Why is air free, but petrol is costly? One important reason is that petrol is scarce, whereas air is abundant. This should start making you think about the role that scarcity plays in the economy. But be careful as you do so. Just because something is scarce does not necessarily mean it will have value in exchange. Another reason that something may not have value in exchange is because it has no value in use. That is, people just do not get any satisfaction from possessing or using it.

We all have a limited amount of money that we can exchange for goods and services. The limit varies from individual to individual. For example, a school teacher typically has far less money to spend than a successful investment banker An unskilled labourer has less money to exchange for goods and services than a skilled labourer. However, we all (even the richest among us) have a limited amount of money for buying things that can bring us satisfaction. As a result, we all make decisions about how we will spend, save, and/or borrow money. This implies that how we choose to allocate our money is an important factor in determining the demand for various goods and services in the economy. 


The demand function sets out the variables, which are believed to have an influence on the demand for a particular product. The demand for different products may be determined by a range of factors, which are not always the same for each of them. The presentation in this section is of a generic demand function which includes some of the most common variables that affect demand. For any individual product, however, some of these may not apply. Thus, any attempt by the firm to predict demand for a product on the basis of the demand function will require some initial knowledge, or at least informed guesswork, about the likely influences on it.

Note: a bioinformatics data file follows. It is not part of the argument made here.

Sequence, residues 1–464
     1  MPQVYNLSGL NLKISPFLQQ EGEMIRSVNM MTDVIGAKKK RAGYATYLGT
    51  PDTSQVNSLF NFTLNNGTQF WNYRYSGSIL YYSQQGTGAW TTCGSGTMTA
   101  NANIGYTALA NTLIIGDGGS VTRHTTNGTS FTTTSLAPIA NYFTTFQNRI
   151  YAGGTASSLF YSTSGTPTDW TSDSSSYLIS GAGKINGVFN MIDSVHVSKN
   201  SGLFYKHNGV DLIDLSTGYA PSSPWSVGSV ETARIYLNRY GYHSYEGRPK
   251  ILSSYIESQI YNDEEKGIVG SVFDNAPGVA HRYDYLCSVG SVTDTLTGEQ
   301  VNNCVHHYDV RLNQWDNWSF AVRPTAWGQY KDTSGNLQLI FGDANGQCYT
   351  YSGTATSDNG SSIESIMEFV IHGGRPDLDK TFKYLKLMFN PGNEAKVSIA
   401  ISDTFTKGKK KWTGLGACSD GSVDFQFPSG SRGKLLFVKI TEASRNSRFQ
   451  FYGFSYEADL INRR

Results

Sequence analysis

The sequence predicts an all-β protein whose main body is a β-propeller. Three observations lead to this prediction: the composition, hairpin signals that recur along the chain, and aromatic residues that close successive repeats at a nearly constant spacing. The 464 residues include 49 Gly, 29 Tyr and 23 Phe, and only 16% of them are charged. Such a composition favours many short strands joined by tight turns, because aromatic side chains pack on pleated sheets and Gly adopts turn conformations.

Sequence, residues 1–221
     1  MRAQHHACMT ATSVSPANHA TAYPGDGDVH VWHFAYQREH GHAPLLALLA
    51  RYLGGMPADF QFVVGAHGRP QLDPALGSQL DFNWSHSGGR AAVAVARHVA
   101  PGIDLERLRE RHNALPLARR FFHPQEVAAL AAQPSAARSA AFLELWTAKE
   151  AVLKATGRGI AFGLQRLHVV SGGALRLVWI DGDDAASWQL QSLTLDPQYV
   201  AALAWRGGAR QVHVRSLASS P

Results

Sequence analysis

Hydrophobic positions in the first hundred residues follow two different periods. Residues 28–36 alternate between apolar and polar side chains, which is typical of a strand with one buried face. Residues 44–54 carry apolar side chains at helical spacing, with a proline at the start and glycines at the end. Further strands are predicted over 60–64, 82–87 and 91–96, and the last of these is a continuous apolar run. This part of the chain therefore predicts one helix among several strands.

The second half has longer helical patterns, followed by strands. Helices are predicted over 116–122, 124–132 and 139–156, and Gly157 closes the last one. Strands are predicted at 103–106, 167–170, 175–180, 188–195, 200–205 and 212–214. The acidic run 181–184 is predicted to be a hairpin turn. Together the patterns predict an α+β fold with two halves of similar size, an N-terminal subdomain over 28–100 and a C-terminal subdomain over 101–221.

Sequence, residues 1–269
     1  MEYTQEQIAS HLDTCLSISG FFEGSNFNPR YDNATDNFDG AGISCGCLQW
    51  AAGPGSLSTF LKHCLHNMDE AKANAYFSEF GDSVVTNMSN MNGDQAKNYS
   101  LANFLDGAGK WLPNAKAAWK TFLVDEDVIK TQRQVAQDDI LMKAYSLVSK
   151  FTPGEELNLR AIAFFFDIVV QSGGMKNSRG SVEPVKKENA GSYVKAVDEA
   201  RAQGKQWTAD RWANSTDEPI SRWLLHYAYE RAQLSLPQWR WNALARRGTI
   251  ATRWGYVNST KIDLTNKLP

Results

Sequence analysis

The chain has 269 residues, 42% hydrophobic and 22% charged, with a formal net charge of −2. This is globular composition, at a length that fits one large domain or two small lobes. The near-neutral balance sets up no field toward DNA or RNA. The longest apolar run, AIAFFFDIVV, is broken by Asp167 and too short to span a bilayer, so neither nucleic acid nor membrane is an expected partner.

The demand function can be written as:                           

Qd = f (Po, Pc, Ps, Yd, T, A, CR, R, E, N, O)

The first three variables in the function relate to price. They are the own price of the product (Po), the price of complements (Pc) and the price of substitutes (Ps) respectively. In the case of the own price of a good, the expected relationship would be, the higher the price the lower the demand, and the lower the price the higher the demand. In the case of complements, if the price of complementary goods increases, we would expect demand to fall both for it and for the good that it is complementary to. This is the case as fewer people would now wish to buy either good given that the complementary good is now more expensive and this has  the effect of reducing demand for the other good as well. In contrast, if the price of a substitute good rises, then demand for the good that it is a substitute for would be expected to rise as people switched to buying the latter rather than its more expensive substitute.